How can I 'kosher' my kitchen?
In reference to utensils, koshering denotes a process of cleansing them and making them fit for the use of cooking and serving of kosher food.
Your student Chaplains/local Rabbi will be more than happy to assist and advise you in what can often seem a mammoth task but here are some of the basic guidelines of how to kosher different utensils in your kitchen.
The basic principle is that you kosher an object by using the process through which it originally absorbed the non kosher substance, i.e. vessels or surfaces which came into contact with hot liquids must be Koshered with boiling water and those that became non-kosher through the use of dry heat, must be Koshered with fire.
The first thing to do is to clean the sink really thoroughly. The inside of the sink should be considered as non kosher and therefore utensils should not be placed in it.
Therefore in order to use the sink, separate bowls should be used for meat and milk. It is usual to use a colour code, for example blue for milk and red for meat with separate matching cleaning utensils, draining boards and racks, and drying up cloths.
If the sink is made of stainless steel however, it can be koshered by leaving the sink for 24 hours and then pouring boiling water over all parts of it.
The entire oven must first be completely cleaned. Parts which cannot be fully cleaned, must be blow torched. The oven must then be brought to its highest temperature and left so for about 1 hour.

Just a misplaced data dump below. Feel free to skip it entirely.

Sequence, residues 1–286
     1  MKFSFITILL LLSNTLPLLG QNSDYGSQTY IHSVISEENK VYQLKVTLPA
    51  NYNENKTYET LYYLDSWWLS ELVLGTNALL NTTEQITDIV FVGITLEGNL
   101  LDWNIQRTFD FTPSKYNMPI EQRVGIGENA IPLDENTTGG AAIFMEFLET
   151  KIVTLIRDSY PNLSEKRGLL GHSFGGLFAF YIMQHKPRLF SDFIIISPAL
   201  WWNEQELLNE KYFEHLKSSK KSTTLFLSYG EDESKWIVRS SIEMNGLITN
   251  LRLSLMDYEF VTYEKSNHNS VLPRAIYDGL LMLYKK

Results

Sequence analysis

To kosher a hob/stove-top, whether electric or gas, clean all parts thoroughly. The hob should then be covered with a metal sheet and the heat or flame turned on full for about fifteen minutes. Intense heat will be produced and care should be taken that the surrounding areas are protected.
Refrigerators should be completely washed down with water and a cleansing agent.
Tablecloths may be koshered by simply laundering them. Used vinyl tablecloth should not be koshered.
A microwave can be koshered by the following process: (a) Clean thoroughly all surfaces, (b) Leave unused for 24 hours, (c) Boil a vessel of water for 10 minutes until the oven fills with steam.
Other pieces of electrical equipment (e.g. mixers, blenders) may be kosherable. However, due to the differences between models it is best to refer to your Chaplain or Rabbi for each item.
Counter Tops & Tables
These can usually be koshered especially when they are in good condition. First, clean them thoroughly and then pour boiling water , directly from the kettle, over the surfaces.
Cutlery made of stainless steel can be koshered. Clean it very carefully, leave for 24 hours and then immerse in a kosher pot of boiling water (a sieve or metal basket is good for this). The cutlery should then be removed and rinsed in cold water. Although this sounds complicated, in practice it isn't, but it may be easier to buy new sets of cutlery. If the cutlery is in two pieces or made of other material, consult your Chaplain for advice.
Crockery and Glass
China and porcelain cannot be easily koshered. Glassware does not absorb and therefore does not need to be koshered. Pyrex and other heatproof glass is considered to absorb and cannot be koshered.
Pots & Pans
The laws of koshering pots and pans are complex and therefore it is best to buy new pots and pans. Where it is necessary to kosher such items contact your Chaplain.